Step 5: **The MOST IMPORTANT step** - magnetize the needle

Picture of **The MOST IMPORTANT step** - magnetize the needle
*Read this*
If you take anything away from this project, please let it be this step. This step covers how to magnetize the needle for your compass, and how to read the results.

How to magnetize:
In order for your compass to point in the right direction you need to magnetize the needle, and you need to know how to do it correctly. Omitting or erroneously applying this step will result in a failure.

To magnetize your needle you need to stroke in the magnet along the needle in one direction, from eye of needle to point about 10 times. If using a paperclip or other portion of magnetic metal that isn't easily polarized by geometry, how can you tell which way is north? Make a small mark or indentation in the metal to determine which end to stroke towards, and always stroke toward the tip of the needle or mark on your paperclip. If you don't have a magnet you can magnetize the needle by using a piece of silk or other sheer fabric, again stroking on one direction. If you use silk you'll need to stroke needle about 50 times or more.

How to read the bearings:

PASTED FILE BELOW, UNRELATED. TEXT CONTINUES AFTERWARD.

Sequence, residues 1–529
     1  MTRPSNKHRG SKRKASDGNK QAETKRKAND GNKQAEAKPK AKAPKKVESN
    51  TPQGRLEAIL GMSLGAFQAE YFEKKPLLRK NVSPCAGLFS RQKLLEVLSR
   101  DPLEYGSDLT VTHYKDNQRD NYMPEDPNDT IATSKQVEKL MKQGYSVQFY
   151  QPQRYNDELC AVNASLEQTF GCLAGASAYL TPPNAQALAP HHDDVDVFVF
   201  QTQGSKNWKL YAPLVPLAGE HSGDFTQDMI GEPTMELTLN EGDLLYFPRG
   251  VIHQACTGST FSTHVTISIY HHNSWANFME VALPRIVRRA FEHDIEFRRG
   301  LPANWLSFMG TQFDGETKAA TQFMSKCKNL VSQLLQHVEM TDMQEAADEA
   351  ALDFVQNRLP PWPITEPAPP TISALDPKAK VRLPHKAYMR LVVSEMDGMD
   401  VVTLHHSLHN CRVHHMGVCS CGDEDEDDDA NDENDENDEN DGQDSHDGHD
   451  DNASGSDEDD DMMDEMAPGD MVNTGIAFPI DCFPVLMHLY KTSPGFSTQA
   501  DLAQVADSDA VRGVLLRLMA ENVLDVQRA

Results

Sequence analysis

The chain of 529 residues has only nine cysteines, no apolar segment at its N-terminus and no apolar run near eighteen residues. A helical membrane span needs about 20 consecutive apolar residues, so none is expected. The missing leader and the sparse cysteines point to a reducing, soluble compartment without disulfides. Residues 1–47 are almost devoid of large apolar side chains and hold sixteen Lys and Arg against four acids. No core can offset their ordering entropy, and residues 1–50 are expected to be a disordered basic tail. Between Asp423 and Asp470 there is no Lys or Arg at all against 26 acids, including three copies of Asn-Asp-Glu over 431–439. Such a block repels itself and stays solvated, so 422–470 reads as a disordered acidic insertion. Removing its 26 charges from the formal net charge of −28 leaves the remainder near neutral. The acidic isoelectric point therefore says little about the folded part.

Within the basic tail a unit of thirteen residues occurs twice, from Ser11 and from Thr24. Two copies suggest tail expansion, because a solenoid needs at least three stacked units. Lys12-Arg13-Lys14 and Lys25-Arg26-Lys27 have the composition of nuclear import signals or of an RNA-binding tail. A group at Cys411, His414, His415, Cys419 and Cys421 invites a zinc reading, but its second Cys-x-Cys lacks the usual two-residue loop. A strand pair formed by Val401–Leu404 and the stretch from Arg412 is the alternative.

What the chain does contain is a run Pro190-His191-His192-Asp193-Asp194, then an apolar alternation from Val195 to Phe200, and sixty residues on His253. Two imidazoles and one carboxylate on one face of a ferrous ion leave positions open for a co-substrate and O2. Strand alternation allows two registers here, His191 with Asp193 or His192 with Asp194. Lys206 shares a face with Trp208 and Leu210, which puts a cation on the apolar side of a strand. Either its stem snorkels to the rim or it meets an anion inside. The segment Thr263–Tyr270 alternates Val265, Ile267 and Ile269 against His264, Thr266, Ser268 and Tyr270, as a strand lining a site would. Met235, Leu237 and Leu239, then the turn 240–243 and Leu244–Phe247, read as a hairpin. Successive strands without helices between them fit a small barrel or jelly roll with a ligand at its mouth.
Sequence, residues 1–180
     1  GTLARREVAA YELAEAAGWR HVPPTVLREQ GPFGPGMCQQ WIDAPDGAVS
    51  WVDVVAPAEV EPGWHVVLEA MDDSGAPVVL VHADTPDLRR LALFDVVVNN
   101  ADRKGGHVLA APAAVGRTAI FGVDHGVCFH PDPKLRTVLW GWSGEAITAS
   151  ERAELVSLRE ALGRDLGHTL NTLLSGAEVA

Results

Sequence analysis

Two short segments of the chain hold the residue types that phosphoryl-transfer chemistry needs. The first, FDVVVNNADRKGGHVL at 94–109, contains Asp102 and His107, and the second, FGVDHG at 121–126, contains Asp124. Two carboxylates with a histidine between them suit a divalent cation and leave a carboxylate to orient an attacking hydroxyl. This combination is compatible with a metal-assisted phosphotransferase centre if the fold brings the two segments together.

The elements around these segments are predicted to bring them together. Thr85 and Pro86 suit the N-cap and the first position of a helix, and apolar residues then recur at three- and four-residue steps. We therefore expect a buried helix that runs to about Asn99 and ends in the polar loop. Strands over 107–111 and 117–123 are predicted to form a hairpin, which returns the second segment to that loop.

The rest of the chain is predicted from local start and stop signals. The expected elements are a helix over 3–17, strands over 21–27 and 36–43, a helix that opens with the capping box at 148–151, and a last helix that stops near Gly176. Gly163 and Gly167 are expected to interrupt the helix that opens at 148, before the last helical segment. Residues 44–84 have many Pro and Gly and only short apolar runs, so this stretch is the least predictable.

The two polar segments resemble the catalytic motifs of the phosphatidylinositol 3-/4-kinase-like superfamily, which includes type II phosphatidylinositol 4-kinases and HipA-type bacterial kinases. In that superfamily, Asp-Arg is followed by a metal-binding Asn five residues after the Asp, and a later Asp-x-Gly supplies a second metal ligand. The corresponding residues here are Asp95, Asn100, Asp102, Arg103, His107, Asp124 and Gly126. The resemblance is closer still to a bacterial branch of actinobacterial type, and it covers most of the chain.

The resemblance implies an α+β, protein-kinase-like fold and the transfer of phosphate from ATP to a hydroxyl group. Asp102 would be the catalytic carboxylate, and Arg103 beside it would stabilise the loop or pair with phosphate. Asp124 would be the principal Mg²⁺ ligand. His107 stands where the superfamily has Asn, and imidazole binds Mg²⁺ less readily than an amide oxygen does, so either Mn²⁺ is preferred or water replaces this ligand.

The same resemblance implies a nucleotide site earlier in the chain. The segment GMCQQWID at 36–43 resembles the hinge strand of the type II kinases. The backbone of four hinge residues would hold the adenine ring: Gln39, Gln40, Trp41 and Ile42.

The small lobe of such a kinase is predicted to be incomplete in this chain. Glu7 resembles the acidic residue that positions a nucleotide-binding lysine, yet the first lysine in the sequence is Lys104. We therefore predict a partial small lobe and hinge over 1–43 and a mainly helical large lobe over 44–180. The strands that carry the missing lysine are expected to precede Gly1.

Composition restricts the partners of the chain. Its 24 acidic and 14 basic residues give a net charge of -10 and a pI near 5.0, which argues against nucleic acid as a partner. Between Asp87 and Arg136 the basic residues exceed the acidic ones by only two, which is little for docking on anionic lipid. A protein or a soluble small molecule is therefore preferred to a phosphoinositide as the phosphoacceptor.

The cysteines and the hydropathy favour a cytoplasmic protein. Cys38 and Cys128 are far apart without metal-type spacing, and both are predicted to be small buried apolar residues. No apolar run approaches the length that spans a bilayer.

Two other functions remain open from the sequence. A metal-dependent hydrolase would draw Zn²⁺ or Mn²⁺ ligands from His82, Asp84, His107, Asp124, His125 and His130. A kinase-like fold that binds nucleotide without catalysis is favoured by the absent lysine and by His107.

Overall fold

When the needle is magnetized it will be positively charged, meaning it will be attracted to a negative and repulsed by positive magnetic fields. once magnetized the tip of the needle will be polarized and will point towards the strongest magnetic pole, meaning north in the Northern Hemisphere and south in the Southern Hemisphere. From this initial bearing you should be able to determine the remaining cardinal bearings by drawing an imaginary line perpendicular to the needle bearing. Facing north, east is on the right with west on your left.

Remember, this information orients you based on magnetic poles, not geographic poles. More skilled compass users can ascertain the magnetic declination and determine true north from the readings. But this is optional and may not be required for rough readings.